For the first time, the Breaker spoke in what passed for full sentences. “You think I do not know? I feel it in tremble of wood,” he tapped the wall and stamped his foot. He seemed almost angry at the sound. “The ice cries out.”
“Then you’ll know you’re trapped with us.”
He snorted. “In this cold? I am strong. You die. I wait for next ship to come.” In his eyes, there was the look of a man defeated. He ignored Casper and went to return to bed. Casper felt a strange kind of anger boiling up inside him. Who was this man who ate all their food while they starved and yet refused to help in their time of need? “We paid you for this. Coward.” The words were out of his mouth before he knew it. The giant rose and cornered him. There was murder in those eyes. He found himself recalling what the tales said a Breaker could do with a single touch. As the shadow of the Breaker fell over him, he cringed. He squeaked out a last, “Please. We’ll die out here.” He closed his eyes and braced himself for a blow that never came. Instead, came the sound of the door opening. There was no invitation, but Casper took his lack of broken limbs as a sign. The giant extended no hand to help him up and Casper struggled to follow. The sailors on deck all froze. One man dropped a bundle of wood he had been carrying to the furnace and prostrated before the thick-featured Breaker. For his part, he seemed to ignore them. The workers on the ice scattered like a shoal of tropical fish on his arrival. He braced himself and placed one palm against the ice. Now that he had passed, the rest of the crew crowded to the deck to watch. Casper’s skin crawled and he felt, more than heard, a low hum. It was like he was back, laying his head on his father’s chest as a child and hearing him speak. After a moment, where he cocked his head to the side, as if listening to something, the Breaker seemed to pulse. Waves of shimmering air spread out from him in waves and the ice around him cracked. The ship lurched and Artem fell to his knees along with some other sailors. The Breaker staggered and fell, remaining on the ice. He seemed somehow smaller, bruised and battered, as if the act had taken kilograms off him. The ice was split and, slowly with a huge grinding sound, the segments began to drift apart. The sailors hurriedly picked up the Breaker and their tools and brought them back on board before they floated away. They laid the Breaker down silently, gently, but then scurried off as far as they could get on the deck of a ship. Casper went to join him, to the consternation of others. Artem grabbed his arm but shrunk back when the Breaker looked at what had caused the commotion. Casper sat a safe distance away and spoke to him as the other sailors returned to work. “Can you do that again, if we get stuck?”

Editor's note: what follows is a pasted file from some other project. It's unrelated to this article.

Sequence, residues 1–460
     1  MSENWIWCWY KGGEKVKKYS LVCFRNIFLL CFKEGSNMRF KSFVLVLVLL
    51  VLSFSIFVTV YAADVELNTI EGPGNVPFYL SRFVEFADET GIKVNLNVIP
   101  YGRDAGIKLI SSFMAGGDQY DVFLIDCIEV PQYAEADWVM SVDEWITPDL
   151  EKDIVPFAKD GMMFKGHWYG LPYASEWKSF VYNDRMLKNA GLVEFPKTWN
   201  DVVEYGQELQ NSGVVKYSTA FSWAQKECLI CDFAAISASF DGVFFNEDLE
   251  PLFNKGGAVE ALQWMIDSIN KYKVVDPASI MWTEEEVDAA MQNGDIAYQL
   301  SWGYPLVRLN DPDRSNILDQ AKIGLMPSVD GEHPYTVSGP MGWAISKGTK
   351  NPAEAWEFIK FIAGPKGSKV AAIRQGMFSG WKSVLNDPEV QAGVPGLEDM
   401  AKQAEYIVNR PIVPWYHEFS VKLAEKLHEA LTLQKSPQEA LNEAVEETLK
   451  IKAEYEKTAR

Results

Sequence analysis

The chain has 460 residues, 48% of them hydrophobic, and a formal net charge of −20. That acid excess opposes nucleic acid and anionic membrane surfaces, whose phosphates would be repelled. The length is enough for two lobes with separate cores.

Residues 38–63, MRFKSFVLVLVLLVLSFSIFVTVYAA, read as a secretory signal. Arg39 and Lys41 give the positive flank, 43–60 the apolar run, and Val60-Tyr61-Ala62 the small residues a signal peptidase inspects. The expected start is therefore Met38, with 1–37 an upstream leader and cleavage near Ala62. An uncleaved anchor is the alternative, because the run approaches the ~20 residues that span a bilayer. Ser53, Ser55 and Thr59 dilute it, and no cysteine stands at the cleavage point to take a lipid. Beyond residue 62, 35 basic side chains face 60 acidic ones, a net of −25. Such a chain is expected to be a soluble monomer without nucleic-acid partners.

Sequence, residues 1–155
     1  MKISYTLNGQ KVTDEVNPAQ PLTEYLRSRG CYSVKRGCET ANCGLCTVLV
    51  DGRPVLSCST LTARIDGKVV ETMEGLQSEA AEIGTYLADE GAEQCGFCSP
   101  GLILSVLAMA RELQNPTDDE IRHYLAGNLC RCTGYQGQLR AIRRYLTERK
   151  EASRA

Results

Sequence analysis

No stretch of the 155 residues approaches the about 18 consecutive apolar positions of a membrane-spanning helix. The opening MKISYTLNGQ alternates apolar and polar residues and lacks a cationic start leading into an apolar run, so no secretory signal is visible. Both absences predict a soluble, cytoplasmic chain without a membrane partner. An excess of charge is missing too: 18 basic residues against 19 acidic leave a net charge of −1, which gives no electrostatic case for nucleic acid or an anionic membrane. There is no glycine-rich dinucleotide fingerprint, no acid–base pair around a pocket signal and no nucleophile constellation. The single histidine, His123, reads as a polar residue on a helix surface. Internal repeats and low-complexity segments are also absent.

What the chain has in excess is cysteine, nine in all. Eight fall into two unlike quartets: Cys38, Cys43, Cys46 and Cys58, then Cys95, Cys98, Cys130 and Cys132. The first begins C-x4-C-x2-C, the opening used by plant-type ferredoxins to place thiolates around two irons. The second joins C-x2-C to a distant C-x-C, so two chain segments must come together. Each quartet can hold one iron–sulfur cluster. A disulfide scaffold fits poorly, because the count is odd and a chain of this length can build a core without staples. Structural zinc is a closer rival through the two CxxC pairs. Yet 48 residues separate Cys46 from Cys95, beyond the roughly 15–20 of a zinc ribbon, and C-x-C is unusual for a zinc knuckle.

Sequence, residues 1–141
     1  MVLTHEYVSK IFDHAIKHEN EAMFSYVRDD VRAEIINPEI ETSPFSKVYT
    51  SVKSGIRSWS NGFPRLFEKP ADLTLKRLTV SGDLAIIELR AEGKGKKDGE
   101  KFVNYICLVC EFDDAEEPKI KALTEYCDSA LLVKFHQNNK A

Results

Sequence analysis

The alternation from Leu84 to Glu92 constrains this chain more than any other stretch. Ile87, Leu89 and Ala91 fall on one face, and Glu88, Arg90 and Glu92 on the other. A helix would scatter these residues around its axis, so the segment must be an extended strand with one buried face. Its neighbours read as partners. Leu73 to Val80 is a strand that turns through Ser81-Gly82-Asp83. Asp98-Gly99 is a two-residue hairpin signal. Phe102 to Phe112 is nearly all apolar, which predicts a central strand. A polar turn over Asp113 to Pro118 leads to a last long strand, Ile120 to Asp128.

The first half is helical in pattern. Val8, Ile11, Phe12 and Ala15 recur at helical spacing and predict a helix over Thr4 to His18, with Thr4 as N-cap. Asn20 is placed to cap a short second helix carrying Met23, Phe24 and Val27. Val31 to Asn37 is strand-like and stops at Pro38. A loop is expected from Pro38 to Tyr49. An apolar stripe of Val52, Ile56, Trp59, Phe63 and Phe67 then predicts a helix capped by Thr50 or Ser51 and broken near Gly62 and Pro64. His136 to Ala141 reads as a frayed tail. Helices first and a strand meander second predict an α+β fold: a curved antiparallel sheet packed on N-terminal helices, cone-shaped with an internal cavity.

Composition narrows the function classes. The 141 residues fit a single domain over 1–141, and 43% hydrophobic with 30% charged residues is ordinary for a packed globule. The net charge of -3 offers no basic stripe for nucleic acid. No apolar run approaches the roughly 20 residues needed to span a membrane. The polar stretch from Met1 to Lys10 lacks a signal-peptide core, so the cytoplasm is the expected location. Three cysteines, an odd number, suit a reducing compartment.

He shook his head. “You dig,” he gestured at one of the pickaxes they had been using.
“But what if the ice is this thick again? We can’t break it that way.”
“Ha,” the Breaker smiled, “Then you pray.”
By Daniel Harrington